Study measures bias in how we learn and make decisions

April 26, 2016
Thinking about drawing to an inside straight or playing another longshot? Just remember that while human decision-making is biased by potential rewards, what we know about individual cues that help us to make those decisions ...

Scientists create mouse that resists cocaine's lure

February 13, 2017
Scientists at the University of British Columbia have genetically engineered a mouse that does not become addicted to cocaine, adding to the evidence that habitual drug use is more a matter of genetics and biochemistry than ...

Addicted individuals less responsive to reward-anticipation

February 2, 2017
It may be difficult for addicted individuals to learn when they can expect a reward. This learning problem could perhaps explain why they are more prone to addiction and find it difficult to kick the habit. Researchers at ...

Scientists find brain plasticity assorted into functional networks

February 4, 2016
The brain still has a lot to learn about itself. Scientists at the Virginia Tech Carilion Research Institute have made a key finding of the striking differences in how the brain's cells can change through experience.

Team examines the molecular basis of brain plasticity and the manner in which neurons 'learn'

December 21, 2016
UC Santa Barbara neuroscientist Kenneth S. Kosik has been studying the brain for decades. His UC Santa Barbara neurobiology lab focuses on the evolution of synapses that connect neurons and the genetics of Alzheimer's disease. ...

Recommended for you

Touching helps build the sexual brain

September 21, 2017
Hormones or sexual experience? Which of these is crucial for the onset of puberty? It seems that when rats are touched on their genitals, their brain changes and puberty accelerates. In a new study publishing September 21 ...

Gene immunotherapy protects against multiple sclerosis in mice

September 21, 2017
A potent and long-lasting gene immunotherapy approach prevents and reverses symptoms of multiple sclerosis in mice, according to a study published September 21st in the journal Molecular Therapy. Multiple sclerosis is an ...

Neuron types in brain are defined by gene activity shaping their communication patterns

September 21, 2017
In a major step forward in research, scientists at Cold Spring Harbor Laboratory (CSHL) today publish in Cell a discovery about the molecular-genetic basis of neuronal cell types. Neurons are the basic building blocks that ...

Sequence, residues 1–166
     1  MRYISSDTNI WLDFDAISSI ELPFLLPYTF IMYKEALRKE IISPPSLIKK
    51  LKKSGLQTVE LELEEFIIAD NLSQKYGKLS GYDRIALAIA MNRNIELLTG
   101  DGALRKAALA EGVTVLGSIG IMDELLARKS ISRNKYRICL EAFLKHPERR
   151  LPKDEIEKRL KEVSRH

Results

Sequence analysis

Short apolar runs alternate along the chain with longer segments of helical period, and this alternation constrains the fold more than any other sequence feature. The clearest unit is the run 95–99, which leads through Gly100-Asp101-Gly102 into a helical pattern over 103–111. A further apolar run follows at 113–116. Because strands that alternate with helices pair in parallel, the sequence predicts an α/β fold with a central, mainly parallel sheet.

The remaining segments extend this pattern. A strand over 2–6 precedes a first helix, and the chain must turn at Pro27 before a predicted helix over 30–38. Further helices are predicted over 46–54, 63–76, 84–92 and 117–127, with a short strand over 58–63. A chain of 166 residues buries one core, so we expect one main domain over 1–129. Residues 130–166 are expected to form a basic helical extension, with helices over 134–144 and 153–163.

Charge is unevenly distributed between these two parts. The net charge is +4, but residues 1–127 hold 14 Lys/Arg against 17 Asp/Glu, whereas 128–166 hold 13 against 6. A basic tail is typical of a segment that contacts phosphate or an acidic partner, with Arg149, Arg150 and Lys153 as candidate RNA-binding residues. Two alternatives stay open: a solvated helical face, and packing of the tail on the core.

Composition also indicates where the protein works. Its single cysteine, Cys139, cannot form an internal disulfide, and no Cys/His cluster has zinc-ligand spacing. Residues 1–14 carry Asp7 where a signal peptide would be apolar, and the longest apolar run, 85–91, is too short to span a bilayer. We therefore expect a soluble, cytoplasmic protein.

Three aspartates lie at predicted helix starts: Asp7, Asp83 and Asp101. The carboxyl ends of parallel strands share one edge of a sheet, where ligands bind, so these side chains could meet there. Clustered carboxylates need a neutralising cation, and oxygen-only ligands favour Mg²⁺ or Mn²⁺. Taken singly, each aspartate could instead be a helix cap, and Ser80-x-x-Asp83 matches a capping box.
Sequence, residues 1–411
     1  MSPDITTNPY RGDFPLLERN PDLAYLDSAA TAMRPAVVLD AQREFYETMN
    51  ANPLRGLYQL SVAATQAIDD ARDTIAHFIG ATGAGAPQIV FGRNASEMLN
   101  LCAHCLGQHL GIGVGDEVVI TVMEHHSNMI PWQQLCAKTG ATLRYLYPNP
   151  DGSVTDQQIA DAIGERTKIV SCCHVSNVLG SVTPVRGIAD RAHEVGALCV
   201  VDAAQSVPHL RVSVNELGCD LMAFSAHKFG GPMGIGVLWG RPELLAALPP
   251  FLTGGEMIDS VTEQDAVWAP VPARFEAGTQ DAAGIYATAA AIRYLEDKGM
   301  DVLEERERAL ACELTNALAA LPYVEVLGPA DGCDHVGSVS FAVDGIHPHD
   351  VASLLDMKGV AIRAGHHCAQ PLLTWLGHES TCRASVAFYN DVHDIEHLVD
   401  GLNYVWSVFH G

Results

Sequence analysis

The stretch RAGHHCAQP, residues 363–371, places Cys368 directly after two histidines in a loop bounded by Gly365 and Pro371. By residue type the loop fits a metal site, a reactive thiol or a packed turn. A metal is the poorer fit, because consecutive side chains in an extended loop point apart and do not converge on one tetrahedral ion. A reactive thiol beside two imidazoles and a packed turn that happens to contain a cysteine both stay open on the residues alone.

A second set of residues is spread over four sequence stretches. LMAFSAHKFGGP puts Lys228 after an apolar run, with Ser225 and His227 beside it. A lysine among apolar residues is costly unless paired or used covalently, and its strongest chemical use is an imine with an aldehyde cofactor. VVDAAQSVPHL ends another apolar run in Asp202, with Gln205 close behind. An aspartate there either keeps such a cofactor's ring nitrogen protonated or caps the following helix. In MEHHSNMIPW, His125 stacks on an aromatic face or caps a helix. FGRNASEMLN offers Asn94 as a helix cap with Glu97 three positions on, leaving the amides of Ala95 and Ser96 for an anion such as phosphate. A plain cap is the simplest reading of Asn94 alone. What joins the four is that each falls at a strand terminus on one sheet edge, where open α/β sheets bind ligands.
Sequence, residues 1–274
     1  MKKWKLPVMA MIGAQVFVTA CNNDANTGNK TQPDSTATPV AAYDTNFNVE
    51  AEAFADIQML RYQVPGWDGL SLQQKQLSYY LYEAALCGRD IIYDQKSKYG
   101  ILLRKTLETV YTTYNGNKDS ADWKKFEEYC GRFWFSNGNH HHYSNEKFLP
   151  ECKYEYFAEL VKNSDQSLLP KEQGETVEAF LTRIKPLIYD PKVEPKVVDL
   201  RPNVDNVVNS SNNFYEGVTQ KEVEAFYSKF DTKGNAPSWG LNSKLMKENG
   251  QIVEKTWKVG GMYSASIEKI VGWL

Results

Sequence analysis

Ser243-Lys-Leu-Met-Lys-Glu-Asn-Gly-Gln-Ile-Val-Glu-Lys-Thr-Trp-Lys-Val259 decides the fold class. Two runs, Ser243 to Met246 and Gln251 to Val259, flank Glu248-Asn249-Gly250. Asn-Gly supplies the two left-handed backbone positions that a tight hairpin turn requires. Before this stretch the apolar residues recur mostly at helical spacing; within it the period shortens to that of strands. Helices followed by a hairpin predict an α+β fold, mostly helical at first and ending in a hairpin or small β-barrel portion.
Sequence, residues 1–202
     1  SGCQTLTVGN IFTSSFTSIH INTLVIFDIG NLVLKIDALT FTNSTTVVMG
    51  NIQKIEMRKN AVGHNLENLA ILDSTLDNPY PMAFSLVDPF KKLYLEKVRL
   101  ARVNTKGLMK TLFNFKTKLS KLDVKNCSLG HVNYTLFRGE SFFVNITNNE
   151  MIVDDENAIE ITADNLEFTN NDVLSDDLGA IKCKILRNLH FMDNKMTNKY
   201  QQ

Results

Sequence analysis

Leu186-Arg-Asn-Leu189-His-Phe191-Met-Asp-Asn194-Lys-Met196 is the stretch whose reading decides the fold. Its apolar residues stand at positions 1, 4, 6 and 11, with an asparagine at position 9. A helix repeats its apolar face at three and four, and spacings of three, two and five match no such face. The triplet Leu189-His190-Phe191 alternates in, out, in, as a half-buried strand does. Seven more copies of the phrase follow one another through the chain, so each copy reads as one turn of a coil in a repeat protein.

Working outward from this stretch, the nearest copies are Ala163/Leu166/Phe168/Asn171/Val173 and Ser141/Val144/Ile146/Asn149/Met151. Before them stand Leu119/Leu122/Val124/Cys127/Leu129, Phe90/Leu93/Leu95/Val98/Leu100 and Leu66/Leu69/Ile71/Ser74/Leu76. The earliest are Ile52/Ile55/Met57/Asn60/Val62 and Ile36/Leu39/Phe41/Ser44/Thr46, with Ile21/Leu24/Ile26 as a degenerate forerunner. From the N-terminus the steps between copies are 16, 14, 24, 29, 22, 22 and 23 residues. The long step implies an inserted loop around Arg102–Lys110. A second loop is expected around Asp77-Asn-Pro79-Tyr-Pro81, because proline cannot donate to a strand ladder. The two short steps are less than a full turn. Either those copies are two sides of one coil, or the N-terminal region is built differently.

Your neurons register familiar faces, whether you notice them or not

September 21, 2017
When people see an image of a person they recognize—the famous tennis player Roger Federer or actress Halle Berry, for instance—particular cells light up in the brain. Now, researchers reporting in Current Biology on ...

Highly precise wiring in the cerebral cortex

September 21, 2017
Our brains house extremely complex neuronal circuits whose detailed structures are still largely unknown. This is especially true for the cerebral cortex of mammals, where, among other things, vision, thoughts or spatial ...

Faulty cell signaling derails cerebral cortex development, could it lead to autism?

September 20, 2017
As the embryonic brain develops, an incredibly complex cascade of cellular events occur, starting with progenitors - the originating cells that generate neurons and spur proper cortex development. If this cascade malfunctions ...

1 comment

Adjust slider to filter visible comments by rank

Display comments: newest first

EmceeSquared
1 / 5 (3) Apr 19, 2017
"When it comes to choice in evaluating potential rewards, your learned value [...] is stored in certain synapses."

It is still unknown whether the value of any specific choice is stored in certain synapses, or distributed more diffusely, or stored in certain somethings that aren't synapses. The described behavior has been demonstrated in some cases, but not by any means universally.


"If you get positive feedback [...], the brain increases the value of that option [...] synapses stronger. [...] feedback is negative, those synapses become weaker."

In fact it is entirely possible that some kinds of preferences might be stored as inhibitions on the alternatives.

"The findings refute the theory that the brain always behaves optimally."

With so little understood about learning and what factors are optimized, these findings cannot refute that.

These articles should have bylines so we can learn who is making these wrong sweeping generalizations.

Please sign in to add a comment. Registration is free, and takes less than a minute. Read more

Click here to reset your password.
Sign in to get notified via email when new comments are made.